Android threats leapt 76 percent during the second quarter, according to the latest report from security consultants McAfee, making it the most attacked mobile operating system.
2011's been the worst year so far for malware, it says, bringing the first-ever appearance of Mac fake AV and a significant rise in rootkits.
"This year we’ve seen record breaking numbers of malware, especially on mobile devices, where the uptick is in direct correlation to popularity," says Vincent Weafer, senior vice president of McAfee Labs.
"Overall attacks are becoming more stealthy and more sophisticated, suggesting that we could see attacks that remain unnoticed for longer periods of time. High-profile hacktivist groups have also changed the landscape by drawing a line between attacks for personal gain and attacks meant to send a message."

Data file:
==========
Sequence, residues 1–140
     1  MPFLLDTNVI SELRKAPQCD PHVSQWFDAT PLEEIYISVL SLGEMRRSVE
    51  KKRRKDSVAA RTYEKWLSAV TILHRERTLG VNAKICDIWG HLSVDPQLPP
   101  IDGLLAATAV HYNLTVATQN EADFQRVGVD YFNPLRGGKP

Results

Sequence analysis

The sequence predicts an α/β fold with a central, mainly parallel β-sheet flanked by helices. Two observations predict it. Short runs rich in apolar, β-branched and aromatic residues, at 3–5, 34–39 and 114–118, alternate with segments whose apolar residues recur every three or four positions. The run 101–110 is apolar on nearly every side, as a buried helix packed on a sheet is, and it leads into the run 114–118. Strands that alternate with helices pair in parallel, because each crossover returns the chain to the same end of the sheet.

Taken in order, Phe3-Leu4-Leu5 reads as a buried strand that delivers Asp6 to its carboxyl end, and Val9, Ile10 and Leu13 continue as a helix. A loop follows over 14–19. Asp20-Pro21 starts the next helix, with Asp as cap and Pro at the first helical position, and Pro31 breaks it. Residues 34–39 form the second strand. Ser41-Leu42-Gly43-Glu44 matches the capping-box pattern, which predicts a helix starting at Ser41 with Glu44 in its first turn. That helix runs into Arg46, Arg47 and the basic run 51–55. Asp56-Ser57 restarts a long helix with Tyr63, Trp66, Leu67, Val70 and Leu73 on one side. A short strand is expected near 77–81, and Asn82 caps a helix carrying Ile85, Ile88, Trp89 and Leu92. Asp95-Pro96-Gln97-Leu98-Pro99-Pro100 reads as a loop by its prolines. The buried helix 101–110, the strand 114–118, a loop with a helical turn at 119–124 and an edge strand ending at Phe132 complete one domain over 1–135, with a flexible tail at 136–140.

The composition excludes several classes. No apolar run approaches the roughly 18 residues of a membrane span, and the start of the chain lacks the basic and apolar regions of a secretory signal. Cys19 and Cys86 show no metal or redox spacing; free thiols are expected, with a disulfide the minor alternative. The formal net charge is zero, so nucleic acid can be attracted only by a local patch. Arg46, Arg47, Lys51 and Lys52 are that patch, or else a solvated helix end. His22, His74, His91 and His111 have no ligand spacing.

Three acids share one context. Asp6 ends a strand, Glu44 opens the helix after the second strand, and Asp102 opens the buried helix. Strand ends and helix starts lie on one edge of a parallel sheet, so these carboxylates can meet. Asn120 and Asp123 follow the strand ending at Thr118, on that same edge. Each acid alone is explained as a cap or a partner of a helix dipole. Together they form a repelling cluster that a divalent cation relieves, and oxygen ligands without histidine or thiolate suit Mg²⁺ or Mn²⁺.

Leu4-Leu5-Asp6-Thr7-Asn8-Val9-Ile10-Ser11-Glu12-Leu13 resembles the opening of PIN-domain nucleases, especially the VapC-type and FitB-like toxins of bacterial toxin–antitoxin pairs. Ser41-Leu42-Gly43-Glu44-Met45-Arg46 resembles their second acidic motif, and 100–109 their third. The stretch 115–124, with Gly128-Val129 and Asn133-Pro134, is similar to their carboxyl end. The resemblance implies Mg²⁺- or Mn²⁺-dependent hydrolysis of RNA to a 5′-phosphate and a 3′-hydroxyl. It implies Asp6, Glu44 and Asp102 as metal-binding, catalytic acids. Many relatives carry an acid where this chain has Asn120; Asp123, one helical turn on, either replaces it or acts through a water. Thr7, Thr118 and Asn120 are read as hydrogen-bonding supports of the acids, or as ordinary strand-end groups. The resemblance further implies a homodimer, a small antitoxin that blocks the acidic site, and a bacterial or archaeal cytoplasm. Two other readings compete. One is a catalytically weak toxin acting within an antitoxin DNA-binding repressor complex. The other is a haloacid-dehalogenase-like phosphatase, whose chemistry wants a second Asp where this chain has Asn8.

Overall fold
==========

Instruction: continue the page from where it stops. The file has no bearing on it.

With around 12 million unique samples for the first half of 2011, 22 percent up on last year, this has been the busiest first half-year in malware history, says McAfee.
Android OS-based malware overtook the Symbian OS as the most popular target for mobile malware developers. The rapid rise in Android malware indicates that the platform could become an increasing target for cybercriminals.
Though in the past, the Apple platform has been unaffected by fake anti-virus software, McAfee says it's now being affected - although the company does expect fake AV in general to drop off over time.
Stealth malware, though, is on the increase, with a number ofhigh-profile attacks such as Stuxnet.
And though spam is still at historic low levels, partly because of the Rustock takedown, McAfee still expects to see a sharp rise in activity over the coming months.
The company even gives an approximate price list for email addresses, used to spread spam: in the US, it says, the going rate for a million emails is $25, whereas in England 1.5 million emails are worth $100.
The full report is here.